Computer Science 219, Spring 2013: Sparse Matrix Algorithms

John R. Gilbert

Mon/Wed 9:00-10:50
Phelps 2510

Schedule, reading assignments, and slides
Class email and discussion list on GauchoSpace
Office hours
References
Matlab files
Assignment 1 (pdf, tex)
Assignment 2 (pdf, tex)
Assignment 3 (pdf, tex)
Assignment 4 (pdf, tex)
Assignment 5 (pdf, tex)
Final project ideas

Sparse matrices are a basic tool of computational science and engineering. They show up in applications ranging from models of the physical world to web search and graph clustering. Using them efficiently involves techniques from linear algebra, graph algorithms, and computer architecture.

Sparse matrix algorithms are fascinating (to me at least :) because they combine two languages that are often quite different, those of numerical computation and of graph theory. One result is that nobody knows it all -- there is always something new to be learned by trying to speak the language you're not expert in.

Most of the course will concern methods for solving large, sparse systems of linear equations. We will study direct methods, which are based on Gaussian elimination and use tools from graph theory and discrete data structures; iterative methods, which treat the matrix as a black-box operator and use eigenvalues and eigenvectors to analyze convergence; and modern preconditioned methods, which combine the discrete structure of direct methods, the numerical structure of iterative methods, and the specifics of the problem domain. We'll also study some methods for finding eigenvalues and eigenvectors of large, sparse matrices.

The prerequisites are some knowledge of linear algebra (Gaussian elimination, eigenvalues and eigenvectors) and analysis of algorithms. I expect to have students with a variety of different backgrounds; if you have an application from a scientific or engineering field that includes solving a system of linear equations I encourage you to talk to me about the course.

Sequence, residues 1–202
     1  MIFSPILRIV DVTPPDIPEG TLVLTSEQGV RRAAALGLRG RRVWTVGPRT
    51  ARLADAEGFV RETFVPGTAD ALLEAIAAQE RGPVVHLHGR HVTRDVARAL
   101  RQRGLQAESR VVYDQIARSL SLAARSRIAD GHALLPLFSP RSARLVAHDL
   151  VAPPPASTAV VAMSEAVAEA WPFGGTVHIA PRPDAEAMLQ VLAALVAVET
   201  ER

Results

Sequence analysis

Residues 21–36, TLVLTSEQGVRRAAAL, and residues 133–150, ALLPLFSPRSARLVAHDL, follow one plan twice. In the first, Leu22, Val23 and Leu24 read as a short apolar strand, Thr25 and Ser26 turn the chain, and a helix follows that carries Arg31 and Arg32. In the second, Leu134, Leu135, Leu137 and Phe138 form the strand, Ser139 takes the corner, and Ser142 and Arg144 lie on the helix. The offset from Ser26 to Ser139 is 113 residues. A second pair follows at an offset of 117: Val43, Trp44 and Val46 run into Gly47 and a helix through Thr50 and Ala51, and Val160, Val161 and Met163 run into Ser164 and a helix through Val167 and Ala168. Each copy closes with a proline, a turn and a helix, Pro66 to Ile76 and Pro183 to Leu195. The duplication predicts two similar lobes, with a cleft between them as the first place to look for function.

Students will do homework assignments and a term project. The term project can be either an application to a real computational science problem, an algorithms implementation experiment, or a theoretical or survey paper.

Approximate course outline:

• The basics:
• Graphs and matrices
• Data structures for sparse matrix manipulation
• Linear solvers and their complexity
• Sparse Gaussian elimination:
• Cholesky factorization
• Elimination trees, symbolic factorization, structure prediction
• Orderings for low fill
• Symmetric indefinite and nonsymmetric systems
• Krylov-subspace iterations:
• Convergence analysis of CG
• GMRES, BiCGSTAB, and friends
• Preconditioned methods:
• Incomplete factorization
• Sparse approximate inverses
• Support theory
• Multigrid
• Sparse eigenvalue and singular value problems
• Laplacian matrices of graphs; applications to clustering and data analysis
• Possible additional topics:
• Parallel sparse matrix methods
• Graph and mesh partitioning
• High-performance considerations: supernodal and multifrontal algorithms
• Cliques and chordal graphs
• Block triangular form and Dulmage-Mendelsohn decomposition
• Preconditioning symmetric indefinite and nonsymmetric problems
• Sparse least squares problems

Texts:

These three books are all excellent. Though they will be on reserve at the library I recommend that you get your own copies. All three are available at significant discounts to SIAM members, and any UCSB student can join SIAM for free.